[EDITORIALS]Two steps toward transparency

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[EDITORIALS]Two steps toward transparency

Lawmakers in the National Assembly’s legislation and judicial committee have agreed to delay for two years a policy that would permit class-action lawsuits over past accounting irregularities. And yesterday, representatives from the government, civic groups and the political and corporate sectors signed an agreement to promote anti-corruption. At last, a stepping stone has been prepared to enable Korea to head toward a transparent society and shake off its corrupt past.
The rigging of accounts has been key to nearly all major corruption cases in Korea, such as the slush funds for ex-President Roh Tae-woo. It was a source of corruption and the link that enabled under-the-table dealings between politicians and corporations. Much of the anti-corporate sentiment in Korea stems from outrage over such practices. Transparent accounting is an irreversible trend that no company has a choice but to abide by.
This is why we find hope in the two recent developments. The active participation of corporations and civic groups puts the anti-corruption accord on a different level from past campaigns, which were mostly short-lived. The Korean people will watch closely to see whether the voluntary agreement is honored.
Meanwhile, postponing the class-action measure means firms can let their breath out again. (Incidentally, U.S. President George W. Bush recently signed legislation curbing class-action suits.) But to live up to the anti-corruption accord, they must do business transparently and ethically. The two-year delay is a delay, not an indulgence of past practices. They must clean up their past books to meet current standards. Company heads must also consider that they can still be sued if they are caught trying to hide past irregularities, or if they commit new ones.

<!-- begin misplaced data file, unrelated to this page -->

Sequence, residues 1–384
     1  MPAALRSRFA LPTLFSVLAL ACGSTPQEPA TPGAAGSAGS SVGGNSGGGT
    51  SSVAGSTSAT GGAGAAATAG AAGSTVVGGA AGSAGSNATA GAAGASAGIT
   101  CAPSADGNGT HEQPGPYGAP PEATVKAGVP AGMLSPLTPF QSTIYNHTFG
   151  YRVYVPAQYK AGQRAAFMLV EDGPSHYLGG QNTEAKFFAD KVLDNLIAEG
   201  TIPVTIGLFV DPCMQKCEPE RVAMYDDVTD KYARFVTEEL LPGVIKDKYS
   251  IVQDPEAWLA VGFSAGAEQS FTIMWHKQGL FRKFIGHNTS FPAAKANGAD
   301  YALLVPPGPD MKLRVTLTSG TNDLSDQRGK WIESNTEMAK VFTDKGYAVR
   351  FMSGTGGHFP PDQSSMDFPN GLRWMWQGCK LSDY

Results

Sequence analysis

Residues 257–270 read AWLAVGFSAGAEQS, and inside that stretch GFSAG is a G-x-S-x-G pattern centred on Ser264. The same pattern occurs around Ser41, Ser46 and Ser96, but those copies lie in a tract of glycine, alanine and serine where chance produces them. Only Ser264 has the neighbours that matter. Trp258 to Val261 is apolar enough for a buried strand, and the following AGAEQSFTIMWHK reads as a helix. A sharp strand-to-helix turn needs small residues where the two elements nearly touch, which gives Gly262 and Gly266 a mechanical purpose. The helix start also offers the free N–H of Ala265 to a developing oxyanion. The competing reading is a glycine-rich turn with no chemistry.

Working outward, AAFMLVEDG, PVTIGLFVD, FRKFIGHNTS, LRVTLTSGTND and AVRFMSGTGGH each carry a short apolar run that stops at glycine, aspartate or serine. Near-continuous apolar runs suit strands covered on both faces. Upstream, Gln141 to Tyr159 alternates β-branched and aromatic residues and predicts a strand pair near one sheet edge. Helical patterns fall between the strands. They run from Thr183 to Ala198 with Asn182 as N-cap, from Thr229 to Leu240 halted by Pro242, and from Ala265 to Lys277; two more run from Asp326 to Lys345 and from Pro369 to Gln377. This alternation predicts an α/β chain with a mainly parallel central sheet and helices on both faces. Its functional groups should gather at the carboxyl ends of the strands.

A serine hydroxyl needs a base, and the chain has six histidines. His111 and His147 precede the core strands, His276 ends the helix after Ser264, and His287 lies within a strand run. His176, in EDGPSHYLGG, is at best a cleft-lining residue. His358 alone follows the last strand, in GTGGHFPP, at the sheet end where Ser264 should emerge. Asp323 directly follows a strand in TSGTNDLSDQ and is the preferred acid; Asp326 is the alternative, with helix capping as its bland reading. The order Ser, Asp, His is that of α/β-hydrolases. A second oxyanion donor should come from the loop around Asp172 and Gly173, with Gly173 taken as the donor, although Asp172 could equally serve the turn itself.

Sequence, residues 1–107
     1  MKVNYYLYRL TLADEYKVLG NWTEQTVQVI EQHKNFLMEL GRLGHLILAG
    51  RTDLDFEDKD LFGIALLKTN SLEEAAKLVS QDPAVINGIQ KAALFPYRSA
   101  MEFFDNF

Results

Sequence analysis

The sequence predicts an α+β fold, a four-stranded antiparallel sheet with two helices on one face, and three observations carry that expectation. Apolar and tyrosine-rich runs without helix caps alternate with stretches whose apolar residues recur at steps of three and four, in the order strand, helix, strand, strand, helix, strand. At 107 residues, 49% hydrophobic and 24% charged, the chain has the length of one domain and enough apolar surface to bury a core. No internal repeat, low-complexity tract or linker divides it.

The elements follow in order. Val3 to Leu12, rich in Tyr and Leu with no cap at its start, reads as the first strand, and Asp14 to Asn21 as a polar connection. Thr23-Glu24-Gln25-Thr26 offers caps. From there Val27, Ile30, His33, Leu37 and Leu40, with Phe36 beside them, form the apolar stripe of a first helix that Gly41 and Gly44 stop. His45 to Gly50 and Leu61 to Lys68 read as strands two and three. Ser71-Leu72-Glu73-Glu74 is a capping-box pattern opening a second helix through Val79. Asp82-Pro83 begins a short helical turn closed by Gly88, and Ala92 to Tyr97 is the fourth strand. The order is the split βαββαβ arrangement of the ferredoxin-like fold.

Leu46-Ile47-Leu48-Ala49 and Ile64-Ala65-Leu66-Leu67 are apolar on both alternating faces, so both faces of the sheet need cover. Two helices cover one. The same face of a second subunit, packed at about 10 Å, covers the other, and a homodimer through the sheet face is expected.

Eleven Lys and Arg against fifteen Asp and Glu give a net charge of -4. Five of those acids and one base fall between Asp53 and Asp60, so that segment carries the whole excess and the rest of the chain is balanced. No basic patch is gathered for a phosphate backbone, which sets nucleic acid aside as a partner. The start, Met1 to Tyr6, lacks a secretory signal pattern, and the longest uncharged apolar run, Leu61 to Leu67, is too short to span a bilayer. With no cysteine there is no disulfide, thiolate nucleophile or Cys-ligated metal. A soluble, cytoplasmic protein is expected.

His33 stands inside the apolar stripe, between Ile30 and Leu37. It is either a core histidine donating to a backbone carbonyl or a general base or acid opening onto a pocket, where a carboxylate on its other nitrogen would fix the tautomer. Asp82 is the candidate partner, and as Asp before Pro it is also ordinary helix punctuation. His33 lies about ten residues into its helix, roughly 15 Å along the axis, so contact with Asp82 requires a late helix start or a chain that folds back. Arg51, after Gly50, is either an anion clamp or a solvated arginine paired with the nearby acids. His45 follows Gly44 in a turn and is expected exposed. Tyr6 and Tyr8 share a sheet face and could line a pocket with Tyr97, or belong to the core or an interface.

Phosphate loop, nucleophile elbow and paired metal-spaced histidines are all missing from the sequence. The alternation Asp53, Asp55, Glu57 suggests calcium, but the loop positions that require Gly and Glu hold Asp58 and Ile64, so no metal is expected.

The agreement on class-action suits does leave something to be desired, in that it lacks a clause pardoning companies for past accounting manipulations, which civic groups fiercely opposed. And businessmen involved in past irregularities are still subject to prosecution and civil action. This does not satisfy our early expectations of complete amnesty. We stress the need for a pardon, at some point, for all companies with such malfeasance in their pasts. Otherwise, the issue will continue to tie businesses down. Such a pardon would leave firms that commit future misdeeds with no excuses.
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